Visible to the public EAGER: Congestion Mitigation via Better Parking: New Fundamental Models and A Living LabConflict Detection Enabled

Project Details
Lead PI:Baosen Zhang
Co-PI(s):Lillian Ratliff
Performance Period:07/01/16 - 06/30/18
Institution(s):University of Washington
Sponsor(s):National Science Foundation
Award Number:1634136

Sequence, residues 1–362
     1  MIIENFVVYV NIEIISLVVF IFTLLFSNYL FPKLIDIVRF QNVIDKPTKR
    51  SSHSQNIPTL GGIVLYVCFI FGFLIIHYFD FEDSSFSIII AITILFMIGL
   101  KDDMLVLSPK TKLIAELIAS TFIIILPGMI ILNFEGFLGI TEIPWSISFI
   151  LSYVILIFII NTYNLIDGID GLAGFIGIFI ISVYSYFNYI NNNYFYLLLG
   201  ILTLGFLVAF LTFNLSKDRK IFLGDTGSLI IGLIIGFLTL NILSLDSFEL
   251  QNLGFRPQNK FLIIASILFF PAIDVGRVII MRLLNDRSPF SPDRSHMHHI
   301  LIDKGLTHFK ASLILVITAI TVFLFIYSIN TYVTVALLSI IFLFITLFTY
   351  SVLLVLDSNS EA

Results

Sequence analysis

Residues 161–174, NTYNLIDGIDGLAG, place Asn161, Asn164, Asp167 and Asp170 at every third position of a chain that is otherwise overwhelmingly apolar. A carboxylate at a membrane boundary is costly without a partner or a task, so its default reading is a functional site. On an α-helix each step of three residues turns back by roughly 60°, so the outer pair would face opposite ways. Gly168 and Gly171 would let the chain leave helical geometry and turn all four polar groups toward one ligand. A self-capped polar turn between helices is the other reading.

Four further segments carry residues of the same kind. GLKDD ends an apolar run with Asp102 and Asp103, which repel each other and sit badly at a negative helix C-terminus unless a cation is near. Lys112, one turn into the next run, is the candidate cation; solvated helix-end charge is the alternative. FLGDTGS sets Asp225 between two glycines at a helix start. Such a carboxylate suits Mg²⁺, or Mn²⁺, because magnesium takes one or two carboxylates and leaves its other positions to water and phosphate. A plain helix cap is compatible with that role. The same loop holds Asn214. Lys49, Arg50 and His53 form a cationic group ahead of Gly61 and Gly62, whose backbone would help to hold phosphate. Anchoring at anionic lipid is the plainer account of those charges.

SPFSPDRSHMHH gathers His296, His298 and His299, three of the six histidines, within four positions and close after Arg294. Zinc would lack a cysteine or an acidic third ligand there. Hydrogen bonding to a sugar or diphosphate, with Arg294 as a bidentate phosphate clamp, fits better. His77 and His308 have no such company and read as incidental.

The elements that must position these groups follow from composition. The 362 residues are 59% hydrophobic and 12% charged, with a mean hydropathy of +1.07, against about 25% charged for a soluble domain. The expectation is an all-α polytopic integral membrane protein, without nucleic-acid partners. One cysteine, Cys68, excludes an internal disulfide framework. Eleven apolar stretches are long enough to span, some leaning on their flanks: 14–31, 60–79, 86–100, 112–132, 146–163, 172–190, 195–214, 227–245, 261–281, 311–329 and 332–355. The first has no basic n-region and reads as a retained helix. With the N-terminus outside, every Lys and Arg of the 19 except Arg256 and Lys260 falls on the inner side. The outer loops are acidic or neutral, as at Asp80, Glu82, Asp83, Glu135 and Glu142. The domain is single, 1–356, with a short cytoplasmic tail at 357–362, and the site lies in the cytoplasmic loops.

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Abstract: This EAGER project on Smart and Connected Communities focuses on developing new fundamental models of urban parking in order to address issues of congestion that negatively impact mobility and health. Traffic congestions are increasingly becoming bottlenecks to sustainable urban growth as infrastructures are being stretched to their limits. A significant amount-up to 40%-of all surface level traffic in urban areas stems from drivers looking for parking. This project will develop new parking management tools (algorithms for cities and apps for drivers) that allow municipalities to achieve better congestion control and enable drivers to act more efficiently. These tools are more targeted, robust and accurate than the current control scheme of only using price to influence the average occupancy rate over a city. This project will result in fundamental advances in queuing theory and mechanism design. Specifically, the models study circulating traffic at block level resolution and the role of information plays in driver decisions. The three main thrusts of the project are: 1) Develop a queue-flow network model of traffic informed by real data that captures network topology and spatio-temporal behavior. 2) Impose a game theoretic structure on the queue-flow network that captures the strategic nature of heterogeneous users. 3) Create a living lab experimental platform in collaboration with the city of Seattle and industry partners for validation of our theories. This project engages with the City of Seattle, industrial partners such as Sidewalk Labs, and undergraduate students. Seattle will provide data and the opportunities to test and validate the results developed, industrial partners will provide technical support, and students will develop mobile apps and learn how a modern smart city can be managed. If successful, this project provides a demonstration of how cities, academia, and industry can partner to conduct rigorous research that will have short-term, practical impact.